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Arc Welding Safety Lincoln

Arc Welding Safety Lincoln

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Published by: dddamrong7280 on Jan 16, 2009
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06/18/2013

 
Arc Welding Safety 
www.lincolnelectric.com 
[2]
Important Note:
So that you can protect yourself against these hazards, everywelder should be familiar with American National Standard ANSIZ49.1, “Safety in Welding and Cutting,” and should follow thesafety practices in that document. Z49.1 is now available fordownload at no charge at:http://www.lincolnelectric.com/community/safety/ or at the AWS website http://www.aws.org.Download and read it!
 INTRODUCTION
 Arc welding is a safe occupation when sufficient measures aretaken to protect the welder from potential hazards. When thesemeasures are overlooked or ignored, however, welders canencounter such dangers as electric shock, overexposure tofumes and gases, arc radiation, and fire and explosion; whichmay result in serious, or even fatal injuries.This bulletin is written with the arc welding operator in mind,containing both mandatory safety practices and those based onshop experience. Be sure to read ANSI Z49.1, and refer to theother publications listed at the end of the bulletin for moredetailed information on specific topics of arc welding safety, aswell as the manufacturers’ instructions and material safety datasheets (MSDS’s).
Safety Practices in Welding
 PERSONAL PROTECTIVE EQUIPMENT 
 Protective Clothing
Welders, like firemen, must wear clothing to protect them frombeing burned. Of all injuries to welders, burns are the mostcommon due to sparks landing on bare skin. Welding arcs arevery intense and can cause burns to skin and eyes with just afew minutes of exposure.The actual gear varies with the job being performed, butgenerally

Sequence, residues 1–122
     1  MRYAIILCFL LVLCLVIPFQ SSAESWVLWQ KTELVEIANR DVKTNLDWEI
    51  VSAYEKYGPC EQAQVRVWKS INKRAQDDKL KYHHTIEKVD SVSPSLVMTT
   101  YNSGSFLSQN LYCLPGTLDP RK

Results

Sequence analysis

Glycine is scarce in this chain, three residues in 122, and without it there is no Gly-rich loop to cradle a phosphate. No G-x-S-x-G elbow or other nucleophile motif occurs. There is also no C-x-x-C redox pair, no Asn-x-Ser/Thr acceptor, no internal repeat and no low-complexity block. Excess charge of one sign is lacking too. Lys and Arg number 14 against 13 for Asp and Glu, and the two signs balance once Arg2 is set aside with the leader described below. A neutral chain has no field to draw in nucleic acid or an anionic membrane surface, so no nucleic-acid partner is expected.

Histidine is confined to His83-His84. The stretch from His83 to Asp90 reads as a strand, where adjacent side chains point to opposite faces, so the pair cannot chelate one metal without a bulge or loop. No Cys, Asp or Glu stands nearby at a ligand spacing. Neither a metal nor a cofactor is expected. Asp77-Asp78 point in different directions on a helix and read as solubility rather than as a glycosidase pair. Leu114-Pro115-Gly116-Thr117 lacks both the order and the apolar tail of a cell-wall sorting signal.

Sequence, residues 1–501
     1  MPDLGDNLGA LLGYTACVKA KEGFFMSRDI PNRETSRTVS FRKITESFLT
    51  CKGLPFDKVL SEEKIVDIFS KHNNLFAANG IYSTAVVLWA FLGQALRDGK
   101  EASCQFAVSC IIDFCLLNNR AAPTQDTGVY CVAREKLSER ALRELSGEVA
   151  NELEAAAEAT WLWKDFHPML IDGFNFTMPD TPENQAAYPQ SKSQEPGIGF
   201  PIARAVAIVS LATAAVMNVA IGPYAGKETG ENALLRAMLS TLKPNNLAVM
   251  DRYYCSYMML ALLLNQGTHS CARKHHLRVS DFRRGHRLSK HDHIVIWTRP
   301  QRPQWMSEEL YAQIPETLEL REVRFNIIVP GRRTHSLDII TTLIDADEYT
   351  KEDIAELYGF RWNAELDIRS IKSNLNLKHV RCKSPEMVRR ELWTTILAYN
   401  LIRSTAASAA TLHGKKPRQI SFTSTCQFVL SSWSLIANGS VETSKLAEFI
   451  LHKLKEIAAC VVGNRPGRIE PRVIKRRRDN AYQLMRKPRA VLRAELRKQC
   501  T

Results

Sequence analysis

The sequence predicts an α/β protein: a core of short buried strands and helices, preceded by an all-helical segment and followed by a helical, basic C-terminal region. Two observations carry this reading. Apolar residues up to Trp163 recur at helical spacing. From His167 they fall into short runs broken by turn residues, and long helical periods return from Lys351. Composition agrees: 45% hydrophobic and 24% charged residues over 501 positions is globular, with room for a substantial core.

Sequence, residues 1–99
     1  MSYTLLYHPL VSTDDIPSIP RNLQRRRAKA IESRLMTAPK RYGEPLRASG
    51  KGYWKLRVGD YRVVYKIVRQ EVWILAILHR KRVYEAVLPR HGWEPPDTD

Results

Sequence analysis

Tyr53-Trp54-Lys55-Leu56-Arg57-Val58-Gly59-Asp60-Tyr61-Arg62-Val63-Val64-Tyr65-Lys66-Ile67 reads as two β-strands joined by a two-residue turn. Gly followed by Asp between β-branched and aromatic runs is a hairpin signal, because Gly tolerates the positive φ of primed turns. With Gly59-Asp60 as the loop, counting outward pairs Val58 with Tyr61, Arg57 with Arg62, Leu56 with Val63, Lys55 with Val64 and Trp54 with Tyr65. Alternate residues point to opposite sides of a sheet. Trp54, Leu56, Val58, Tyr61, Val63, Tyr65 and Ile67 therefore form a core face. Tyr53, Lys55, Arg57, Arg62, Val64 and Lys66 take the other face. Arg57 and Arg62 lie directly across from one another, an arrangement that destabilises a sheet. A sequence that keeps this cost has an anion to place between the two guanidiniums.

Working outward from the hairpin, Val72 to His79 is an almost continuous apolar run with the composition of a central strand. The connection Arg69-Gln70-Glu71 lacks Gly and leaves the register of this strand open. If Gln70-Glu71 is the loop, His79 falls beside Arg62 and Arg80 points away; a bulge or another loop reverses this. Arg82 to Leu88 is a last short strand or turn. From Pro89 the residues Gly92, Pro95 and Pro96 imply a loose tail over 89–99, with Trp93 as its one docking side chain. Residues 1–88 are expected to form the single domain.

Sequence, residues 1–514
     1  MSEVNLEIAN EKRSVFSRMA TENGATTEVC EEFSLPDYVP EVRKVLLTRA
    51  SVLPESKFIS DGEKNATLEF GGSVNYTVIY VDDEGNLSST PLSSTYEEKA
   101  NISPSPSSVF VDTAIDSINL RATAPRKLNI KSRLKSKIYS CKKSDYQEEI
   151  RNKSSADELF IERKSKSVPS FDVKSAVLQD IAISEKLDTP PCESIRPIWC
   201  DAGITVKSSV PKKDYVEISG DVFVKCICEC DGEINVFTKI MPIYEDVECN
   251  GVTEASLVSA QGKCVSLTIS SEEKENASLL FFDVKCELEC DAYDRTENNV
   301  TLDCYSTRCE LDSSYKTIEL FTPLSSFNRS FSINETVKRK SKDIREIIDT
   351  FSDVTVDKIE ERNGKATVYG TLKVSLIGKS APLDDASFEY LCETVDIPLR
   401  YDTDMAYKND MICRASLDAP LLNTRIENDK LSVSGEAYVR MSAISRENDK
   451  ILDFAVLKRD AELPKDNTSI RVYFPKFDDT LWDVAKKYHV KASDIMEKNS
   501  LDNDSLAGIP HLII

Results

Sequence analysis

protective clothing
must allow freedom of movementwhile providing adequate coverage against burns from sparks,weld spatter, and arc radiation. Many types of clothing willprotect you from ultra-violet radiation exposure, which appearsas a skin burn (much like sunburn). Under the worst conditions,however, severe burns and skin cancer may result from excessiveradiation.Because of its durability and resistance to fire, wool clothing issuggested over synthetics (which should never be worn becauseit melts when exposed to extreme heat) or cotton, unless it isspecially treated for fire protection. If possible, keep your clothesclean of grease and oil, as these substances may ignite and burnuncontrollably in the presence of oxygen. Avoid rolling up your sleeves and pant-cuffs, because sparks orhot metal could deposit in the folds; also, wear your trousersoutside your work boots, not tucked in, to keep particles fromfalling into your boots. While we’re on the subject, we suggestleather high-tops with steel toes (especially when doing heavywork).Other protective wear for heavy work or especially hazardoussituations includes: flame-resistant suits, aprons, leggings,leather sleeves/shoulder capes, and caps worn under yourhelmet.Heavy, flame-resistant gloves, such as leather, should
always
beworn to protect your hands from burns, cuts, and scratches. Inaddition, as long as they are dry and in good condition, they willoffer some insulation against electric shock. As to preventing electric shock, the key word is
dry
! We’ll havemore on the subject later, but for now keep in mind that moisturecan increase the potential for and severity of electric shock.When working in wet conditions, or when perspiring heavily, youmust be even more careful to insulate your body from electrically“live” parts and work on grounded metal.